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P.O.

Box 2034 Oklahoma City Oklahoma 73101


405.415.3017

DATE: September 19, 2017

TO: Interested Parties

FROM: Pat McFerron


President
Cole Hargrave Snodgrass & Associates, Inc.

RE: Current Polling Regarding Oklahomans and Taxes

Recent polling released in the public realm has caused many to ask my thoughts on what has
been released and about any other data I have seen. This brief memo attempts to explain the
current conict in voters and seeks to put oce-holders on notice as to the risk of embracing
tax increases based upon snapshot polling which does not delve into the larger mindset of
voters.

One need look no further back in time than a year ago at this time to see how volatile polling on
tax issues can be. In late September of 2016, the Boren sales tax was routinely reported in
publicly released polling as exceeding 65% support; yet just six weeks later, garnered only 41%
of the vote from Oklahomans who went to the polls. This is a strong indication that voters
become more hesitant to support tax increases as they start to become a more likely reality. In
the polling I have conducted in Oklahoma for more than 23 years, the ONLY tax issue in which I
have not seen support decrease has been on so-called sin taxes, such as those on tobacco. Any
tax which begins with even close to 70% support is not guaranteed to be successful on Election
Day, or viewed as a positive by voters after the tax goes into eect.

Our current polling shows voters extremely conicted when it comes to taxes and spending.
While we see 60% of voters saying they would raise taxes even the taxes they pay to fund a
teacher pay raise, we see that same sample having 70% of voters saying that a teacher pay raise
could be accomplished through cutting other spending instead of raising taxes. Fully 78% of
Republicans, and 82% of Republicans with a history of voting in primaries, say the state
should cut spending instead of raising taxes to fund a teacher pay raise. Similarly, when asked
how the legislature did during the last legislative session, twice as many voters say more cuts
should have been made as say more taxes should have been raised.

One item voters really embrace is the need to have a vibrant oil and gas industry. Here, we see
fully 81% of voters saying this industry being vibrant and providing jobs is important to them.
Additionally, more than half of Oklahoma voters believe raising taxes on this industry would
hurt Oklahoma jobs. The simple fact is, any vote to increase taxes on the oil and gas industry
will be understood by voters as a job-killing vote come Election Day.
Actual Question Wording of Questions Referenced
My focus group work in the
All are from a survey of 500 Registered Voters in the State of
area of taxation reveals that
Oklahoma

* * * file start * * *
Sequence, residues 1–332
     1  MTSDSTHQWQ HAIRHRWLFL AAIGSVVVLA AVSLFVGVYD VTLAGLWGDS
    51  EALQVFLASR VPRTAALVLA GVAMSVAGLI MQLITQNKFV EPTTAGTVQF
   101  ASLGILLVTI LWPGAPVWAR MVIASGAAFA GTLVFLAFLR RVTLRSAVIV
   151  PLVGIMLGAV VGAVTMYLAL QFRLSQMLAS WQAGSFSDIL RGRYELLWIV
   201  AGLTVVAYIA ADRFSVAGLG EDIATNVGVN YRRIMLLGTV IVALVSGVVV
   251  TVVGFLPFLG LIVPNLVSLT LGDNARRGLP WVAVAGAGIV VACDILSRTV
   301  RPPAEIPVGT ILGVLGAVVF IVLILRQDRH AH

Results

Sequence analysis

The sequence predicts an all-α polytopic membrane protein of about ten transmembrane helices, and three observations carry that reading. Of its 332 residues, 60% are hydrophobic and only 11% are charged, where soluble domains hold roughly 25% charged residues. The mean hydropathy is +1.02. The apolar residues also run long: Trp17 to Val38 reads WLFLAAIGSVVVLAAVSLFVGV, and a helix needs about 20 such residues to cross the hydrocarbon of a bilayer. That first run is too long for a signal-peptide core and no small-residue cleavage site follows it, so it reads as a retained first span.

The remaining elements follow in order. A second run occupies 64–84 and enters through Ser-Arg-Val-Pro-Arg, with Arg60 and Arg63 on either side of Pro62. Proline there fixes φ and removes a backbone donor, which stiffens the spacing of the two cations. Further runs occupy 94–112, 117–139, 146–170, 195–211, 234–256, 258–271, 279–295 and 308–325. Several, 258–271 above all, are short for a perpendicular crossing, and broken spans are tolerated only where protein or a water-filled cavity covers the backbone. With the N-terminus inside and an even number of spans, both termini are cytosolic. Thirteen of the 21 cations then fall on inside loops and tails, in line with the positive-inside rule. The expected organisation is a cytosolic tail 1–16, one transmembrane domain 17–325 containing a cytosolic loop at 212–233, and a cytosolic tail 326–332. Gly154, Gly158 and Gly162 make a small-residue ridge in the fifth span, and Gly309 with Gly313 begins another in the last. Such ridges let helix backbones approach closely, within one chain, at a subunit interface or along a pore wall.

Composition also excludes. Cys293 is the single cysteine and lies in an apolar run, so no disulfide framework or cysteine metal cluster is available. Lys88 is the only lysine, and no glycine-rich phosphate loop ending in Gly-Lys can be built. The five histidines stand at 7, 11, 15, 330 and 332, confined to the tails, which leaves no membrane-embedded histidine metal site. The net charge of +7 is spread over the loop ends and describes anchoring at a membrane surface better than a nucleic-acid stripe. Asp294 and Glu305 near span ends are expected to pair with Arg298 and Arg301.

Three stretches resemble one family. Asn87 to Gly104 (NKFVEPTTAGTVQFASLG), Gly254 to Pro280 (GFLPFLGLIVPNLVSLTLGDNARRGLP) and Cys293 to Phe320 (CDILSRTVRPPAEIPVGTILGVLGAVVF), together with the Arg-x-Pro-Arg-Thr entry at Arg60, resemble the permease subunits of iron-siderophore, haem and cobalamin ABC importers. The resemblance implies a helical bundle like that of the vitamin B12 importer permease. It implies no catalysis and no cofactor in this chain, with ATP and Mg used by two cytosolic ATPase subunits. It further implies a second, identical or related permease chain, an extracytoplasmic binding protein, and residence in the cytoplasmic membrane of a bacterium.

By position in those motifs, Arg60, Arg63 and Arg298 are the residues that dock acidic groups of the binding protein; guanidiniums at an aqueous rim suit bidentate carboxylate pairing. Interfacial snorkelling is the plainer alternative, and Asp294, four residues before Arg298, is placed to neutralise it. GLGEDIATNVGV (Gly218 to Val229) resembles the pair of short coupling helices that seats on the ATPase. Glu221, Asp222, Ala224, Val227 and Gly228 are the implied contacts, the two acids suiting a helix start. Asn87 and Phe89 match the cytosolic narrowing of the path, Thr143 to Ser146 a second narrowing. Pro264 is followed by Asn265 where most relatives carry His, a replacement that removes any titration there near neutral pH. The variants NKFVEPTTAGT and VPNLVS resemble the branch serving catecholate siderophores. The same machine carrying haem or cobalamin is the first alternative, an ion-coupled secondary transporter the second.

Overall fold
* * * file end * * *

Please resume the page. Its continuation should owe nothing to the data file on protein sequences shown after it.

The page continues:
voters quickly move away from
Margin of error: +/- 4.3%
taxing oil and natural gas
production when they are told 1. Would you favor or oppose raising taxes that you pay in order to fund teacher
the state is already very pay increases? (After response, ask:) Would you say you denitely (favor /
dependent on revenue from oppose) or only probably (favor / oppose)?
42% Denitely Favor
this industry. Voters know this, 17% Probably Favor
so even the simplest reminder 8% Probably Oppose
causes voters to move 23% Denitely Oppose
dramatically. Additionally, 10% (Do not read) Undecided
voters quickly realize that taxing 2. Do you agree or disagree with the following statement: Despite recent cuts to
this industry damages other government agencies, our colleges, and our schools, there is still enough waste
parts of our economy which in state government that we can cut more spending and not raise taxes. (After
directly or indirectly support response, ask:) Would you say you strongly (agree / disagree), or only
somewhat (agree / disagree)?
the industry. Voters quickly
53% Strongly agree
recognize that it is not just oil 17% Somewhat agree
eld suppliers who would be 7% Somewhat disagree
hurt, but all businesses in the 12% Strongly disagree
state, should oil and gas 11% (Do not read) Undecided
production decrease at all. 3. Thinking back to the recent legislative session, do you think state government
should have (Rotate rst two choices)
Cigarette taxes, on the other 24% Raised more revenue and had tax increases
hand, do not have the same 49% Cut more spending and made government more ecient
11% Or did they strike about the right balance of raising revenue and
correlation with jobs. In study
cutting spending?
after study, it is clear voters do 16% (Do not read) Undecided
not see a tax on cigarettes (or
alcohol) as tax issues, but rather 4. Do you agree or disagree with the following statement: It is important
Oklahoma creates and maintains a business climate where the oil and gas
as health issues. This is why our industry can protect and grow jobs in the state. (After response, ask:) Would
past polling has shown greater you say you strongly (agree / disagree) or only somewhat (agree / disagree)?
support for tobacco taxes when 60% Strongly Agree
the money goes to health care 21% Somewhat Agree
rather than if it is delegated to 4% Somewhat Disagree
11% Strongly Disagree
teacher pay. 4% (Do not read) Undecided

Any legislator looking at current 5. Do you agree or disagree with the following statement: Raising taxes on the oil
public opinion polling should be and gas industry hurts jobs and the economy of Oklahoma. (After response,
very careful to not just examine ask:) Would you say you strongly (agree / disagree) or only somewhat (agree /
topline numbers of just one disagree)
question. They should be careful 35% Strongly Agree
17% Somewhat Agree
to examine what the actual debate
12% Somewhat Disagree
in voters minds will be: 1) Is this 29% Strongly Disagree
the best way to address the 7% (Do not read) Undecided
situation? 2) What are the eects
of this tax policy? And 3) Who will
ultimately pay for this tax
increase?